Electric Light Orchestra Debut Album review
After reviewing an album or two (I lost count) by both Roy Wood and Jeff Lynne, I feel like it’s time I did a review of their rather…historically important first album as Electric Light Orchestra (self titled everywhere in the world except America, where it’s “No Answer”). I mean, why the hell not? What else do I have better to do? Get fatter older and die alone?
I DIGRESS much too heavily there. Ignore the morbidity (always a hard thing to do with me) and move on to the next paragraph which flows much more logically from the sentiments of the previous paragraph (the stuff about music) than this one (which flows from a digression and which has become a lengthy digression of its own).
“Electric Light Orchestra” is an important album for a number of reasons. One: it was the last collaboration between Wood and Lynne, two musical geniuses with very similar yet vastly different (weird how that works) goals that briefly combined for musical excellence on the last two “The Move” albums and which simultaneously plateaued, peaked and ended with this peculiar album.
Basically, the goal of the album (considered a “project” by the two as well as drummer Bev Bevan, imported from “The Move”) is to combine rock and roll and classical music as seamlessly as possible. And not in a sprawling symphonic, progressive style: more in a “chamber” music style with small string quartets, minimal horn arrangements and short running times (relatively speaking).
To that end, Roy grabs every string and horn instrument in sight and proceeds to arrange driving classical arrangements that are relatively complex for a rock and roll musician but nothing that Beethoven would find boggling.
But that’s okay because it’s not TRUE classical: it’s classical rock in perhaps the rawest sense of the term (as illustrated by the hilarious back cover image of the three main musicians on the album dressed in period piece and holding string instruments).
And “raw” is the exact word to use for this album: it’s not exactly intricately arranged or immaculately produced. There’s a very…empty feel to parts of the album but not in a bad way: there’s simply room to breathe and holes in the arrangements in a way that’s both good and bad.
The holes are “good” in the sense that they help you differentiate the songs more fully. At their best (the album “Eldorado”) Electric Light Orchestra sometimes felt too lush for their own good, with songs bleeding into the next. Of course, that’s sort of the point of those albums (they’re not labeled “symphonies” for nothing) but the more “in your face” feel of this album is a bit more…interesting than later ELO albums.
That isn’t to say it’s “better.” After all, Roy is a solid multi-instrumentalist but he’s no super pro and when he goes ape overdubbing endless sawing strings on “Battle of Marston Moor” the effect is numbing: yes, the song goes through multiple sections but they don’t really “progress” in a logical way or create any type of emotion. I feels like Wood is just changing up sections to change them up.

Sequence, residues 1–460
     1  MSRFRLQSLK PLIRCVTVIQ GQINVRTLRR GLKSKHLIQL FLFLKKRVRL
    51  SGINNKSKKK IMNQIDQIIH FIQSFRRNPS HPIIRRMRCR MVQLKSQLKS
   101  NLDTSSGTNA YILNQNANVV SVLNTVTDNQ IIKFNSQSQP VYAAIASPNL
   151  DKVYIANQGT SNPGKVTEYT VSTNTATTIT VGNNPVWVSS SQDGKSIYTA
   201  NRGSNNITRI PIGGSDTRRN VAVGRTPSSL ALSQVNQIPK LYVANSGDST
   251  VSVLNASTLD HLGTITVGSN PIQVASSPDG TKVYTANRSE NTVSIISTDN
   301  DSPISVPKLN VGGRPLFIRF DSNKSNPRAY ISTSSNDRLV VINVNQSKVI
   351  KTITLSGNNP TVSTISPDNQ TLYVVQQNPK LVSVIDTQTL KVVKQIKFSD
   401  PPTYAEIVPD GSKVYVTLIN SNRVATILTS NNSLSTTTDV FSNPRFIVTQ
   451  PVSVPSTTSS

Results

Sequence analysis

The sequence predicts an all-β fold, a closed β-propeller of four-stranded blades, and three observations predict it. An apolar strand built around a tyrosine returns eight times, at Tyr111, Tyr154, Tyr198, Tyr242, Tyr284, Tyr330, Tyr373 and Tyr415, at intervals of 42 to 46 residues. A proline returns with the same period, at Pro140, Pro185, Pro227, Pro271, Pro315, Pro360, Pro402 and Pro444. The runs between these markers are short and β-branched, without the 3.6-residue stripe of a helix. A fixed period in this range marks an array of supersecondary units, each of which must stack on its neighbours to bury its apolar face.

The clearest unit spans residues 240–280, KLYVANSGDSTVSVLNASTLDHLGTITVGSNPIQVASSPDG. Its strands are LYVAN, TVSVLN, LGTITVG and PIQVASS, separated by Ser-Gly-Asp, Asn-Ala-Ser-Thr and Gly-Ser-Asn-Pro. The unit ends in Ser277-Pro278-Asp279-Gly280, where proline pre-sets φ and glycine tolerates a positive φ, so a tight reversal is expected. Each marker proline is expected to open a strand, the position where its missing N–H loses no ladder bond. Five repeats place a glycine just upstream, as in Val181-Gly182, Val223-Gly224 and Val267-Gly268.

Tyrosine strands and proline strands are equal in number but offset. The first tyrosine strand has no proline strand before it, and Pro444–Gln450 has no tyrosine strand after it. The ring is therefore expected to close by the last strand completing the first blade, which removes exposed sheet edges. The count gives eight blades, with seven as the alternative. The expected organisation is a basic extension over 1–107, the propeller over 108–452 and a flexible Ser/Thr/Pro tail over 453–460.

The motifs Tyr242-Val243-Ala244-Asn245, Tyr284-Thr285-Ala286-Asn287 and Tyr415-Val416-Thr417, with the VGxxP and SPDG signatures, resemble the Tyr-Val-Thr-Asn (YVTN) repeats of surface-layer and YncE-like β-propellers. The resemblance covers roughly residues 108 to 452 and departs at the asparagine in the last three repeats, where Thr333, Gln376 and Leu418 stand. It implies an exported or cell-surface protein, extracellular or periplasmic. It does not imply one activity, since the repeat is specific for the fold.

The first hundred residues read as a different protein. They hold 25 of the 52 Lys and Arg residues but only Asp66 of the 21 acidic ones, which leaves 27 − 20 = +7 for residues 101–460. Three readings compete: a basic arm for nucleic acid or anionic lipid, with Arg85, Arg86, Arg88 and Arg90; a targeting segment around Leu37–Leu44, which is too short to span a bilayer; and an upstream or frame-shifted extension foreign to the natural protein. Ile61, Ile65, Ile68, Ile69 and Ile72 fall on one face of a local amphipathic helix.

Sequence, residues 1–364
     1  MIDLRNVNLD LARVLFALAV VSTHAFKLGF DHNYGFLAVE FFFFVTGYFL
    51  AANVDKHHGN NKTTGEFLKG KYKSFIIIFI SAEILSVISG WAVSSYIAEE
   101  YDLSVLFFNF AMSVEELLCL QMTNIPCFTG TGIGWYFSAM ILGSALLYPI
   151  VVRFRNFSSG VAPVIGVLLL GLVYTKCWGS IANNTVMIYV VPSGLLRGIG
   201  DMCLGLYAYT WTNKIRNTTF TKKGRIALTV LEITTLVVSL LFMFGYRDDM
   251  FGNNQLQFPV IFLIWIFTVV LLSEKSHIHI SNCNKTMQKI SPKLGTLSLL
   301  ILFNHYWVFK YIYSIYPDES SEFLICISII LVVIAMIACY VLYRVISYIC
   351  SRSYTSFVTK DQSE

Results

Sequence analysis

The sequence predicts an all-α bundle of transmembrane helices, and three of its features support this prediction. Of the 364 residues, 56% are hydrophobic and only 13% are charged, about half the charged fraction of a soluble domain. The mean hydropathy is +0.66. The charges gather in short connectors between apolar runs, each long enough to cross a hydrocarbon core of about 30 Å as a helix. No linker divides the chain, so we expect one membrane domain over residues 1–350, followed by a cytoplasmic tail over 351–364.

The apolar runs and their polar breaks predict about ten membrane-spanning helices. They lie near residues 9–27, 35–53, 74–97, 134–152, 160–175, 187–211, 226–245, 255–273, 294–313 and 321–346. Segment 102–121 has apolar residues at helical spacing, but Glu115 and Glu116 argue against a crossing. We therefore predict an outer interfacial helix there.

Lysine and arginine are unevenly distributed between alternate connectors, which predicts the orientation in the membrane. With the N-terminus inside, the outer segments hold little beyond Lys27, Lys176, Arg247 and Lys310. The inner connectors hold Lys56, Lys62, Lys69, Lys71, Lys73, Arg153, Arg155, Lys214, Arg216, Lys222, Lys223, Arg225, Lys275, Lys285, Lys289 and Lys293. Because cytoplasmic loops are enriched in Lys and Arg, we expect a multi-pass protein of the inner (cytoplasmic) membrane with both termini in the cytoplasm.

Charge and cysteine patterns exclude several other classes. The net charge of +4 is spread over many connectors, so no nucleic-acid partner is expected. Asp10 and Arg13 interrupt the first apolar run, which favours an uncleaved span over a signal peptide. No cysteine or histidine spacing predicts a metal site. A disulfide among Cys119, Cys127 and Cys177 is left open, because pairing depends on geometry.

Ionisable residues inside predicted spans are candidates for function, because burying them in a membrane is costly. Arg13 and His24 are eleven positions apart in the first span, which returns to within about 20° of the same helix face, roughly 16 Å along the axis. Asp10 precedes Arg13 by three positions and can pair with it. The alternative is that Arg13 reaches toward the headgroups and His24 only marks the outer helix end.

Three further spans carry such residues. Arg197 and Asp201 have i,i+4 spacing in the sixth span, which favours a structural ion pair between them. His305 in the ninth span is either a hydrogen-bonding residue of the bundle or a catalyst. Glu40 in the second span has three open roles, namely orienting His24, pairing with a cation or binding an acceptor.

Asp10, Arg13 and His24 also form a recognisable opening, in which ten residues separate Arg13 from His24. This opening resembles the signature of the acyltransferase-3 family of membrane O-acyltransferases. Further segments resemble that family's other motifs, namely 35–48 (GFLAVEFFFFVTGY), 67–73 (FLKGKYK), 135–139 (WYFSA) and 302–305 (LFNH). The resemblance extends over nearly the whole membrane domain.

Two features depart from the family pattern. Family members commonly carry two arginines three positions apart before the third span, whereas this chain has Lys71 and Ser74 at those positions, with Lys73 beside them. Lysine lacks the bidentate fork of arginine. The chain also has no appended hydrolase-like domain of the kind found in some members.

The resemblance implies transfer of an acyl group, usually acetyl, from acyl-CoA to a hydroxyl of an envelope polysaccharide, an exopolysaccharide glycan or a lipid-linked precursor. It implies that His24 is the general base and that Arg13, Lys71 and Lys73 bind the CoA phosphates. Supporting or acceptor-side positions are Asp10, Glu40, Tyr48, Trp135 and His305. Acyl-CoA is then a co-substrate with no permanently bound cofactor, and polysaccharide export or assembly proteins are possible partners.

However, this “purer” classical feel is unique to this album and is mainly the influence of Wood. His other highly classical piece, “1st Movement” is more solid, with nimble classical guitar parts (that sound a bit TOO “Classical Gas” for their own good) show off chops I always forget Roy has on guitar.
Wood does a better job on numbers like “Look at Me Now” and “Whisper in the Night” as he simply combines classical arrangements with regular pop tunes and ballads in a unique way.
This is especially true of the endlessly catchy “Look at Me Now” with the unforgettable refrain “Ahhh! Look at me now! Displaying emoootion!”
Lynne takes a much less “pure” approach to his synthesis of rock and classical and as a result probably creates a more “instantly enjoyable” set of songs.
The lead off tune, Lynne’s classic “10538 Overture” sounds almost exactly like later period ELO with a rawer production edge. The instantly catchy instrumental parts and vocal melodies progress in a logical fashion and climax easily.
Other Lynne tunes such as “Nellie Takes Her Bow” are a bit more unique to this album as it seems to display a jazz influence we rarely get from Lynne. “Manhatten Rumble” is also strangely jazz oriented with a piano heavy classical sound that may not be as complex as Wood’s classical work on the album but which probably makes more sense to the average listener.
Wood and Lynne share songwriting and production duties nearly equally on the album which helps to explain its somewhat raw, confused and diverse approach. There is an obvious clash to their approaches on the album that gives it a strange edge as the two desperately try to “take off where ‘I Am The Walrus’ ended” which was their stated goal.
However, Lynne has since stated that he and Roy had “no real idea what to do or real plan” when they started the recording sessions which also helps to explain the contrast between their two styles. Clearly, Lynne brought in a few tunes that Roy added strings to while Roy perhaps made up (bad) pure classical pieces on the spot, improvising to try to make them work.
Whatever the reason, you simply won’t hear another ELO album like this or any album like this in the world of pop and rock. Although Lynne would perfect his “classical pop” style over several different albums while Wood would go on to snatch hits with Wizzard and disappear into the ether on his manic solo albums, neither would really ever produce something so…confused, raw, far reaching, ambitious and intriguing.
And for that, one can forgive Lynne “Xanadu.” Almost, anyways.